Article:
Patent of the Week: Improving Post-CPR Outcomes in Heart Attack Patients
Cardiogenic shock occurs when the heart has been damaged and is unable to pump enough blood. It is a common cause of death, usually brought on by a severe heart attack. It also can occur after a patient receives CPR, though why this happens is not well understood and current treatments that restore heart function do not protect against long term damage.
An associate professor of medicine at the University of Chicago, Willard Sharp combines his clinical practice with an NIH-funded translational research program focused on developing novel therapies.
Through this research he has demonstrated that the main mechanism leading to post-CPR cardiogenic shock is myocardial stunning, which is specifically caused by mitochondrial damage.
To help improve post-CPR outcomes in cardiac arrest patients, Sharp has invented a novel treatment method that involves the administration of novel small molecules that inhibits myocardial stunning.
The patent-pending method addresses a novel mechanism of action for cardiogenic shock, reduces neurological damage, and improves a patient’s overall long-term outcome following CPR.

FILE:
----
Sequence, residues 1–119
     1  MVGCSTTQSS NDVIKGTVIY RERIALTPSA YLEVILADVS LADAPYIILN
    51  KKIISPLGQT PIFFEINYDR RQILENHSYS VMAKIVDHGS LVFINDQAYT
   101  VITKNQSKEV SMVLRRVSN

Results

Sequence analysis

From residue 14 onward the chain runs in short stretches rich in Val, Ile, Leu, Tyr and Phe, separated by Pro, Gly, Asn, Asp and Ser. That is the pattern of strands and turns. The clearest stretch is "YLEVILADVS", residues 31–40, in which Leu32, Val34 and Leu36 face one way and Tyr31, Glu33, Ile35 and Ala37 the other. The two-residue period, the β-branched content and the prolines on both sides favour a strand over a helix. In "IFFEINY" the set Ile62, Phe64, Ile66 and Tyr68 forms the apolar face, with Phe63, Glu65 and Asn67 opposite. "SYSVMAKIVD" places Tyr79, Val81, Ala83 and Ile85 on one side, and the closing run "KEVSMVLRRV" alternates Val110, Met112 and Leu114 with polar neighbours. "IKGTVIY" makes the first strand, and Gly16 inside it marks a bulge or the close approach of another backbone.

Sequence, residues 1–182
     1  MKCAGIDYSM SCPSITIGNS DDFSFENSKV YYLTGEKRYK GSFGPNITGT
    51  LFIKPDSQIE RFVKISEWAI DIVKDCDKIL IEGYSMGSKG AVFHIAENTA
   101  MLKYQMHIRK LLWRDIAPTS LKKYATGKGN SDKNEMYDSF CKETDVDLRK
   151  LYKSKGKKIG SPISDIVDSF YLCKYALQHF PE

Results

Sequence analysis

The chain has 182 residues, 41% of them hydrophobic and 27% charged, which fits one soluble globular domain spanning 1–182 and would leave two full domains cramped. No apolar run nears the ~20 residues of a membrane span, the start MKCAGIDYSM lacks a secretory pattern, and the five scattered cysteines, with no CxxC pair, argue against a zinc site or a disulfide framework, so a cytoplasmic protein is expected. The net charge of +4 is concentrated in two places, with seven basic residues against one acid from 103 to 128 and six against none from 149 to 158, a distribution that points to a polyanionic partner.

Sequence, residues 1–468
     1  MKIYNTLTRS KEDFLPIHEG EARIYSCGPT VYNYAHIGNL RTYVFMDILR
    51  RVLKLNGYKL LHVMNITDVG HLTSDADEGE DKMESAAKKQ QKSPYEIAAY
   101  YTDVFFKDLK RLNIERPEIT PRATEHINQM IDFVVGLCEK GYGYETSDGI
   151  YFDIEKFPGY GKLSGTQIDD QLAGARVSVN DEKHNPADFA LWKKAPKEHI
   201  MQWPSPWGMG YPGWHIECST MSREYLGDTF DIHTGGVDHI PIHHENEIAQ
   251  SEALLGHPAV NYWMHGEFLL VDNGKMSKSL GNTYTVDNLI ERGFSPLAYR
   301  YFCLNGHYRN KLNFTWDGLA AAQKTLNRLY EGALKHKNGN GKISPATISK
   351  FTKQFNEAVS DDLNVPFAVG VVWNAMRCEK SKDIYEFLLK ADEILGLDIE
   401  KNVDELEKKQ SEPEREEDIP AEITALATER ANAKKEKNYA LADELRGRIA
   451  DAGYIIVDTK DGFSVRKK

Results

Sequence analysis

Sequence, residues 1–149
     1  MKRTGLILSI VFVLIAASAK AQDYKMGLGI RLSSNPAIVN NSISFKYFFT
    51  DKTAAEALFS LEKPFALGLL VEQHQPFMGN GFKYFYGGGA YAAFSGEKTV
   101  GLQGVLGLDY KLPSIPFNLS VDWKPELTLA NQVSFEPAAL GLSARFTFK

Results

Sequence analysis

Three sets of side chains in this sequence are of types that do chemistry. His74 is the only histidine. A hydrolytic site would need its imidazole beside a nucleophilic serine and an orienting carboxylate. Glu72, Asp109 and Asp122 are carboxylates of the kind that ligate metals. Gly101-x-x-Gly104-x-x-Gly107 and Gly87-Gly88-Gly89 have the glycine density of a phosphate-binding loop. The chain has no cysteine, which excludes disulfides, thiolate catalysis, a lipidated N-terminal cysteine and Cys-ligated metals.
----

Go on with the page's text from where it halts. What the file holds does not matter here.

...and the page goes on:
// Read more:
- Small Molecules That Improve Post-Cardiac Arrest Outcomes By Protecting Against Mitochondrial Damage – Polsky Technology Publisher
- Suppression of Superoxide-Hydrogen Peroxide Production at Site IQ of Mitochondrial Complex I Attenuates Myocardial Stunning and Improves Postcardiac Arrest Outcomes – Critical Care Medicine
- Honokiol, an activator of Sirtuin-3 (SIRT3) preserves mitochondria and protects the heart from doxorubicin-induced cardiomyopathy in mice – Oncotarget
// Patent of the Week is a weekly column highlighting research and inventions from University of Chicago faculty.